picked prestack reflection times, and vice-versa.
Finally, we examine how perturbations of
reflector locations affect the modeled traveltimes, so that
tomography can simultaneously optimize reflection points and interval
velocities.
\subsection {Prestack depth migration}
Seismic amplitudes $u(t, \xs, \xr)$ (displacement or pressure)
are recorded as a function of time $t$ at the surface
source and receiver positions indexed by $s$ and $r$.
The Cartesian elements of a coordinate vector $\xv$ are $(x,y,z)$,
where $z$ increases with depth.
For each surface source or receiver position ($\xs$ or $\xr$)
we extrapolate a table of traveltimes
$T ( \xv , \xs )$
to many buried positions $\xv$.
Traveltimes are understood to satisfy an Eikonal equation.
The gradient of traveltime has a magnitude equal to
reciprocal velocity, or slowness:
\begin{equation}
1/v( \xv ) \equiv \Bigl \| \grad _{\xvs} T [ \xv , \xv' ] \Bigr \|
\label{eqn:myeqeik}
\end{equation}
The Eikonal equation is accompanied by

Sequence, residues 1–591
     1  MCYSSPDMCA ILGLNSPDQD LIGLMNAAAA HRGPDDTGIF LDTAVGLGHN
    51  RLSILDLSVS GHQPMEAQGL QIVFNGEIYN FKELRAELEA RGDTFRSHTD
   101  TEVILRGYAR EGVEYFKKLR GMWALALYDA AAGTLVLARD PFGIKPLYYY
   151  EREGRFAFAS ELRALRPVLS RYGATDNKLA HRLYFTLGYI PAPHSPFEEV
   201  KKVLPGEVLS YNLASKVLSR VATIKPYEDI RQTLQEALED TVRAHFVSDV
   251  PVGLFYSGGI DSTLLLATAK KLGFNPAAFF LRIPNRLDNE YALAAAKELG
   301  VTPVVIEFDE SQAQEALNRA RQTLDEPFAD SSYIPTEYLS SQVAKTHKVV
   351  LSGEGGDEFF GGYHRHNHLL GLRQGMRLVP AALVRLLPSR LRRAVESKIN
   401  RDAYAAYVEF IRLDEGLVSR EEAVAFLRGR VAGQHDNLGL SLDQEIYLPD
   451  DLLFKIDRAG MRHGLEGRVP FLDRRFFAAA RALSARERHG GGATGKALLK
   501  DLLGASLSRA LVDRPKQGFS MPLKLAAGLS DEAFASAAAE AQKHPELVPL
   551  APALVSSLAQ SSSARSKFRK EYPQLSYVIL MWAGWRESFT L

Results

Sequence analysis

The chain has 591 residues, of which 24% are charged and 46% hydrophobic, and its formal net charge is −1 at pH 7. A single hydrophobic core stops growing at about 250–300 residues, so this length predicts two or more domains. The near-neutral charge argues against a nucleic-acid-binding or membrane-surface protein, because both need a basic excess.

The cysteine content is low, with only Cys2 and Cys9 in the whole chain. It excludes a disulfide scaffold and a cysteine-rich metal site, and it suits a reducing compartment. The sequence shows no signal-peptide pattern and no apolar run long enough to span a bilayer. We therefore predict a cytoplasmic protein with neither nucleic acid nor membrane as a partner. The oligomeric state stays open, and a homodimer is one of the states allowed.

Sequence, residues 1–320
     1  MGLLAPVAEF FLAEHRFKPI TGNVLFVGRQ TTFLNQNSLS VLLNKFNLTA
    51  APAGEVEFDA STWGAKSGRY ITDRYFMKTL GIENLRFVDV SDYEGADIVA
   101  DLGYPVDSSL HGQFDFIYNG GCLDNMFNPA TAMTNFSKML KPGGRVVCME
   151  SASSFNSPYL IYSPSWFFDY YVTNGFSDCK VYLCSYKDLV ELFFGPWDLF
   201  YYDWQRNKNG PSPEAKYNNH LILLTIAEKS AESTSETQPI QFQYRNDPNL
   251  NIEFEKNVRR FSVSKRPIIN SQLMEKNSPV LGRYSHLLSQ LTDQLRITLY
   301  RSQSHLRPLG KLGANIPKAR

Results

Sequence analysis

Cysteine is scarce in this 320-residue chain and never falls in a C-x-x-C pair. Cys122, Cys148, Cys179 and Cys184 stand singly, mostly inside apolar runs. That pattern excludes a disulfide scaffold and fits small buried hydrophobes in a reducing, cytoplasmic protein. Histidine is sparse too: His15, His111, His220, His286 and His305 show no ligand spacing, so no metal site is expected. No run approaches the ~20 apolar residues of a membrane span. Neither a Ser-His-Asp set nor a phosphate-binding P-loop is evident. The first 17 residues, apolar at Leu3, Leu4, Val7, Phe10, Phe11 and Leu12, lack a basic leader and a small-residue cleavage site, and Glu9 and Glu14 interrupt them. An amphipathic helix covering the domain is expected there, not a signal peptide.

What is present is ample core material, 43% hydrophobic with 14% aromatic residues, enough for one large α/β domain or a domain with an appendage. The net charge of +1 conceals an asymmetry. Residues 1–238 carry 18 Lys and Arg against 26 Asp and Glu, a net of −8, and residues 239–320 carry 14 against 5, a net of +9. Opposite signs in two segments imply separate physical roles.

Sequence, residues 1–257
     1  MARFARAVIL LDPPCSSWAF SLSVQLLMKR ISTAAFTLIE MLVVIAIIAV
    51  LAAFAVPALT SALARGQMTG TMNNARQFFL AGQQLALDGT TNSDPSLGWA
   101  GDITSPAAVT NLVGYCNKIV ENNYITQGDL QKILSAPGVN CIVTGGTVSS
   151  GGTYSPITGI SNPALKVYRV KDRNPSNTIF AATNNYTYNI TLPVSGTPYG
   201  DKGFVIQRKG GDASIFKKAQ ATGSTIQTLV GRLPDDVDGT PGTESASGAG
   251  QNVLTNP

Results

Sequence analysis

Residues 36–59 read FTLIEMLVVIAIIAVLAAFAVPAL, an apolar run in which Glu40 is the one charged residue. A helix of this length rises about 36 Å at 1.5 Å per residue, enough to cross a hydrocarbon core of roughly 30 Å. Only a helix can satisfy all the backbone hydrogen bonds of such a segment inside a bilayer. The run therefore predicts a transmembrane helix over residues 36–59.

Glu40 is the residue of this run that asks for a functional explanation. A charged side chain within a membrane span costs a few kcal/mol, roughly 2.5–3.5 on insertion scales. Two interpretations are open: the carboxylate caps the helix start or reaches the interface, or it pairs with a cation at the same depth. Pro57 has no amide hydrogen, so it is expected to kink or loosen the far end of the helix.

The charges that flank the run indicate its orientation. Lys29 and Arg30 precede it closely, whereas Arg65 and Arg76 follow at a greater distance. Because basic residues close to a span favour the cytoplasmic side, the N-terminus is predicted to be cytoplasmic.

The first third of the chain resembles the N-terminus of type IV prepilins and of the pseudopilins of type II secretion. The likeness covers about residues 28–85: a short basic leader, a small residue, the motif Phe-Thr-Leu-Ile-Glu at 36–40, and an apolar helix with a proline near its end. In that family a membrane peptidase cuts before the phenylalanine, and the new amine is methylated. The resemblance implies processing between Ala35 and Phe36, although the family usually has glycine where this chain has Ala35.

transport equations, which
specify the geometric changes in amplitude $R (\xv , \xs )$.
The arguments of $T$ and $R$ both can be reversed symmetrically
(a result of reciprocity).
Single-valued functions such as these do not allow caustics
or multiple arrivals.
By making the slowness and velocity independent of $\xv'$
we also assume {\sl isotropy}.
The data are assumed to be a linear function of the migrated image
\begin{equation}
u (t, \xs, \xr) = \int d \xv ~ m( \xv ) ~ \delta [t - T ( \xv ,
\xs ) - T ( \xv , \xr ) ] ~ R( \xv , \xs ) ~ R( \xv , \xr ) ~ \gain(t) .
\label{eqn:myeqmodel}
\end{equation}
The recorded
data are usually scaled by an increasing function of time, such as
$\gain(t) = t^2$, to reduce the dynamic range. Intentionally,
this gain cancels some of the scaling by geometric factors.
A generalized inverse of this linear equation would be preferable,
but for efficiency, a modified adjoint operation gives an approximate inverse.
This summation method is often called a
``Kirchhoff'' method although it need not
use the integral and approximation by that name.
The image locations will be indexed by $b$.
\begin{equation}
\hat m ( \xb ) =
\sum_{s,r} \int dt~ \dot u (t, \xs, \xr)